Assume integers $d > r > 0$ and a connected graph $G$ with $d$ vertices. Every point on the $r$-fold Cartesian product of $G$ with itself, $G^{\square r}$, is equivalent to a dimension-$d$ non-negative integer vector whose entries total to $r$. Assume some linear constraints on these dimension-$d$ vectors; we will say that vertex of $G^{\square r}$ is allowed if its corresponding non-negative integer vector satisfies those linear constraints. Given allowed vertices $x$ and $y$, I would like to know if a path exists between them in $G^{\square r}$ such that every vertex on that path is allowed.

Said another way, each cardinality-$r$ multiset of vertices on $G$ is equivalent to a dimension-$d$ non-negative integer vector whose entries total to $r$. Given two such cardinality-$d$ multisets whose corresponding indicator vectors satisfy some linear constraints, find a sequence of such cardinality-$d$ multisets such that

  • neighboring multisets in the sequence differ by a move of one element of the multiset along an edge of $G$
  • the corresponding non-negative integer vectors satisfy the linear constraints.

If it helps, the linear constraints are of the following form. Assume $c > 0$, a $c \times d$ binary matrix $C$, and a dimension-$c$ positive integer vector $m$. Our linear constraints on a non-negative vector $s$ with total $r$ are that $Cs < m$ and that $s$ is binary.

Somehow it seems that we would be slicing off subsets of the Cartesian product with our linear constraints, but I can't see how we would get the graph structure to talk to the linear constraints. In the long run, we would like to have an algorithm to find the minimal path between points, but deciding existence would be a huge help.

Thank you for your help.

  • $\begingroup$ Here are some partial restatements to check I'm understanding correctly. Since $s$ is binary, the multiset of vertices occupied is actually a set, and the $i$th row of $C$ ensures that at most $m_i$ of the vertices in the set $C_i$ are occcupied. Am I right in thinking that there is no unique way of passing between a given configuration of this sort on $G$ and a vertex of $G^{\square r}$? $\endgroup$ – Ben Barber Jun 20 '14 at 15:56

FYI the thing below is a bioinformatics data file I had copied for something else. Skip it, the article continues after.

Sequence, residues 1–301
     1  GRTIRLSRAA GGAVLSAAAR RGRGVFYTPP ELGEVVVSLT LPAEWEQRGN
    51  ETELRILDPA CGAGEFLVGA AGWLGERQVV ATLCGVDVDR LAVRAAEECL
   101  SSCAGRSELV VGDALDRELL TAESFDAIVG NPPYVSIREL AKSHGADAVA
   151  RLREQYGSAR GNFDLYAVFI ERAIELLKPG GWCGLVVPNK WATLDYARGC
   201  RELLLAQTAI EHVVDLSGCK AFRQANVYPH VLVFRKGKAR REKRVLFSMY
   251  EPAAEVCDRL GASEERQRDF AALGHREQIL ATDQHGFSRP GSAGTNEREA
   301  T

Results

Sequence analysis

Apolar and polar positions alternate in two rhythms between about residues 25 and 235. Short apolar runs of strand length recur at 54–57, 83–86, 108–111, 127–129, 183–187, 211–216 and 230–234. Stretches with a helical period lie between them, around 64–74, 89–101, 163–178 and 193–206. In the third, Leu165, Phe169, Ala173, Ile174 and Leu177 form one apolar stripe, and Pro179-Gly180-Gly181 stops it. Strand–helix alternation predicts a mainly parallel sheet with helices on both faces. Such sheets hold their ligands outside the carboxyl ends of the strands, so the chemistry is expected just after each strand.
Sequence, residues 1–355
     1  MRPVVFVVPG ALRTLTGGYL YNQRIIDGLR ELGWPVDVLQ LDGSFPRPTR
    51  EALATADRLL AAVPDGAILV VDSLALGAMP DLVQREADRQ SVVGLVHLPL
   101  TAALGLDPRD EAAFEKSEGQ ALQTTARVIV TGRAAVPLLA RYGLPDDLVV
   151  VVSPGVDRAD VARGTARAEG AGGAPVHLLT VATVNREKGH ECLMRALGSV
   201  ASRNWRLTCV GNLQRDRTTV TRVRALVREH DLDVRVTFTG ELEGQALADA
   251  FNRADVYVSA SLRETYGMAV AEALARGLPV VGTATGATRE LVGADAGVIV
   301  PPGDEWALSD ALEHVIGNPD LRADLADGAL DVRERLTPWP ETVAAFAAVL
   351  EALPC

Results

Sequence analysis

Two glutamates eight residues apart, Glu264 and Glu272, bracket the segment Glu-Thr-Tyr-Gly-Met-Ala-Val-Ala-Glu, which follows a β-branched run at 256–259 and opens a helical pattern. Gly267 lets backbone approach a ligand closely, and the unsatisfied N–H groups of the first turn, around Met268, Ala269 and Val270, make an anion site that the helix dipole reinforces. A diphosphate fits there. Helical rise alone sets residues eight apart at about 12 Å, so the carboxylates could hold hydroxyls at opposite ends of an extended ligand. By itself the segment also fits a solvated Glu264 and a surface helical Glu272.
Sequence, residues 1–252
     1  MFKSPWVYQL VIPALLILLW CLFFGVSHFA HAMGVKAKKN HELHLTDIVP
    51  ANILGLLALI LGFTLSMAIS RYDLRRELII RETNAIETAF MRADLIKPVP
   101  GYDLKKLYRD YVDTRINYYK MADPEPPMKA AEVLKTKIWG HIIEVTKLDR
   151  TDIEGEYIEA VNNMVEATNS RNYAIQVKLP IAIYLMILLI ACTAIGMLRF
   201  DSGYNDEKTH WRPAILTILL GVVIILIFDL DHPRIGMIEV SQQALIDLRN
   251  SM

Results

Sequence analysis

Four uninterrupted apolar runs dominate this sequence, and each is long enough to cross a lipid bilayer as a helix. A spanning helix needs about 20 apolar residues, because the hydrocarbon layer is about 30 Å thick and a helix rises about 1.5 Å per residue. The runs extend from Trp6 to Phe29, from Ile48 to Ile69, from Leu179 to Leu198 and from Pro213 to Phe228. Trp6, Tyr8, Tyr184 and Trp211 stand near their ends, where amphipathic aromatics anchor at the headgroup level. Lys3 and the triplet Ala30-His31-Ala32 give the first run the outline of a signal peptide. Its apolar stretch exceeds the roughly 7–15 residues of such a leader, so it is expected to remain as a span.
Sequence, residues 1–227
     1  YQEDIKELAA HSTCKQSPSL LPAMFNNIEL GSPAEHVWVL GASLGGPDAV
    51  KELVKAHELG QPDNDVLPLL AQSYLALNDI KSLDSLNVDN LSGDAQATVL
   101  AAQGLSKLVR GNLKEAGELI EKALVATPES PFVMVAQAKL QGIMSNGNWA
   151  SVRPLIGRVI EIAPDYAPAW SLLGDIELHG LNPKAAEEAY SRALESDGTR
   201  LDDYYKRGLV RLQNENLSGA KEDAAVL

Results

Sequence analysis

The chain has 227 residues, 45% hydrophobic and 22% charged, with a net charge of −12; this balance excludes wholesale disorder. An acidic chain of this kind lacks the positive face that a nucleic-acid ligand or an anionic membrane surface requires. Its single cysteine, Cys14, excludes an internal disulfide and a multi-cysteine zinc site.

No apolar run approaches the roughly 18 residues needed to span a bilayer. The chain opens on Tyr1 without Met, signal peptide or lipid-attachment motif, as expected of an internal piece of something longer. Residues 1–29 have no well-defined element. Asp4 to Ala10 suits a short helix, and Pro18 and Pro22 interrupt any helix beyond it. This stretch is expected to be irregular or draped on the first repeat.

• $\begingroup$ You are right on both counts. For the first statement, I thought it would be easier to find previous work if I went with a more general statement. For the second, you make a great point-- the vertices of $G^{\square r}$ are ordered, whereas our point configurations do not have to be. However, in both counts an answer to the problem as stated will give an answer to the more specific problem we care about.Do you think that it would be better to edit to make it more specific? Thanks, @BenBarber. $\endgroup$ – ematsen Jun 20 '14 at 17:12
  • $\begingroup$ To expand on my previous note, we would actually like to be able to say things about the symmetric power of $G$ (the question concerning cospectrality in that paper is answered in this paper. It wouldn't be a big problem for us if we had to try every ordering of the points, but actually solving the symmetric product case would be ideal. $\endgroup$ – ematsen Jun 20 '14 at 18:05

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